- Concomitant therapies between unmatched groups also differed; the 4F-PCC group used more vitamin K, FFP and platelets and the aPCC group used more packed red blood cells.
In the matched cohort, patients achieved the target INR at a higher rate in the 4F-PCC group than the aPCC group (aPCC = 61 [70.9%] vs. 4PCC = 76 [88.4%]; 95% CI –29.2% to –5.7%). Both groups however had comparable in-hospital thrombotic events and mortality.
This differs from a previous study that failed to find a difference between a low-dose aPCC and a variable-dose 4PCC in achieving a target INR of <1.4. This was an unmatched study, however, that was limited with a smaller sample size and imbalanced pre-treatment INR values between groups (Rowe et al., 2018).
Comparisons of the matched groups also showed,
- The aPCC group required more repeat doses (aPCC = 14 [16.3%] 4PCC = 2 [2.3%]; 95% CI 5.5–22.4%)
- The site of bleed between groups did not differ, although both groups had predominantly intracranial haemorrhages (aPCC = 65 [75.6%] 4PCC = 70 [80.4%])
- There was no difference between groups in concomitant therapies
- Mortality, thrombotic events, hospital length of stay, and haemoglobin/platelets at measured time points did not differ between the groups.
The results of this study suggest that 4F-PCC is associated with greater achievement of INR 1.5 compared with aPCC with comparable thrombotic events and mortality.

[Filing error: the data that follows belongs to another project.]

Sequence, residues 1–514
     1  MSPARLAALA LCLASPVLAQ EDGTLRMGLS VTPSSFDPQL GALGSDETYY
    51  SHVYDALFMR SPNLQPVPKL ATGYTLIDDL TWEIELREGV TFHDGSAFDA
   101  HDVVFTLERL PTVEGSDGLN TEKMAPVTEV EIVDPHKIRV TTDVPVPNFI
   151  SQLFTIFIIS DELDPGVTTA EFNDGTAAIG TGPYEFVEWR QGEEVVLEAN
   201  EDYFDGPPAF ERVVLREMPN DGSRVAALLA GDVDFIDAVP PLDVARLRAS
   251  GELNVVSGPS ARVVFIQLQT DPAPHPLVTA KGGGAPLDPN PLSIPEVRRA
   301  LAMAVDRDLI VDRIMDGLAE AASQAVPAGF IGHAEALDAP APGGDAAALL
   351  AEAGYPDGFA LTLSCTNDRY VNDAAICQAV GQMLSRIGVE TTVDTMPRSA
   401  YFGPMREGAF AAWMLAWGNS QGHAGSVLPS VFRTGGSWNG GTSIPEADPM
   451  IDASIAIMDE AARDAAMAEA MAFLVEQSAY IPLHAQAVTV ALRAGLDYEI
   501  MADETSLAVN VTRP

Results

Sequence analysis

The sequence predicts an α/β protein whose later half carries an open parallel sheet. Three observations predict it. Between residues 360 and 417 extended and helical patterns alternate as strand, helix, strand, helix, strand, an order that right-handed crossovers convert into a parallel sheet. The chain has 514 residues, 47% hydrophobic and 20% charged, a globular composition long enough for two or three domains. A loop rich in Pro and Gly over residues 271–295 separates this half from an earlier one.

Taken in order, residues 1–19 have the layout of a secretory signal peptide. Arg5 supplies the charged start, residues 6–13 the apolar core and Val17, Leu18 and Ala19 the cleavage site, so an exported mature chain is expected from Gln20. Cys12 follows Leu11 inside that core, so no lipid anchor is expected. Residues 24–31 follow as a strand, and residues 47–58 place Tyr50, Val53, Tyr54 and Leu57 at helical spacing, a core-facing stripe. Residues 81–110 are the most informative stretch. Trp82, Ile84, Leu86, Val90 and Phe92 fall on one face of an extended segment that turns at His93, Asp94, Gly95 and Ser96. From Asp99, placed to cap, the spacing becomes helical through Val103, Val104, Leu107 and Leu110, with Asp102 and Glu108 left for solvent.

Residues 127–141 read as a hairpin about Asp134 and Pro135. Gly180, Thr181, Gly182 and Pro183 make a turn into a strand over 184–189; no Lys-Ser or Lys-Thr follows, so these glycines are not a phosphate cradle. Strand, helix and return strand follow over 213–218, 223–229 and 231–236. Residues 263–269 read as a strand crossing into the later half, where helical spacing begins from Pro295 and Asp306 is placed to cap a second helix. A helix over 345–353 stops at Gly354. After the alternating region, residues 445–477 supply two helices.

There were however limitations such as the retrospective design, underpowered sample size, uncontrolled timing of blood draws for INR values and uncontrolled FFP administration. Validating scoring criteria were also not used to assess the severity of haemorrhages and safety outcomes were limited to index admission data.
Further studies will be needed to confirm these results and determine an optimal dosing strategy to maximise both efficacy and safety.
Rowe AS, Mahbubani PS, Bucklin MH, Clark CT, Hamilton LA. Activated Prothrombin Complex Concentrate versus Plasma for Reversal of Warfarin-Associated Hemorrhage. Pharmacotherapy. 2016;36(11):1132–1137.
Rowe AS, Dietrich SK, Phillips JW, Foster KE, Canter JR. Activated prothrombin complex concentrate versus 4-factor prothrombin complex concentrate for vitamin K-antagonist reversal. Crit Care Med. 2018;46(6):943–948.
Stewart WS, Pettit H. Experiences with an activated 4-factor prothrombin complex concentrate (FEIBA) for reversal of warfarin-related bleeding. Am J Emerg Med. 2013;31(8):1251–1254.
Tomaselli GF, Mahaffey KW, Cuker A, Dobesh PP, Doherty JU, Eikelboom JW, et al. 2017 ACC Expert Consensus Decision Pathway on Management of Bleeding in Patients on Oral Anticoagulants: A Report of the American College of Cardiology Task Force on Expert Consensus Decision Pathways. J Am Coll Cardiol. 2017;70(24):3042–3067.
Wójcik C, Schymik ML, Cure EG. Activated prothrombin complex concentrate factor VIII inhibitor bypassing activity (FEIBA) for the reversal of warfarin-induced coagulopathy. Int J Emerg Med. 2009;2(4):217–225.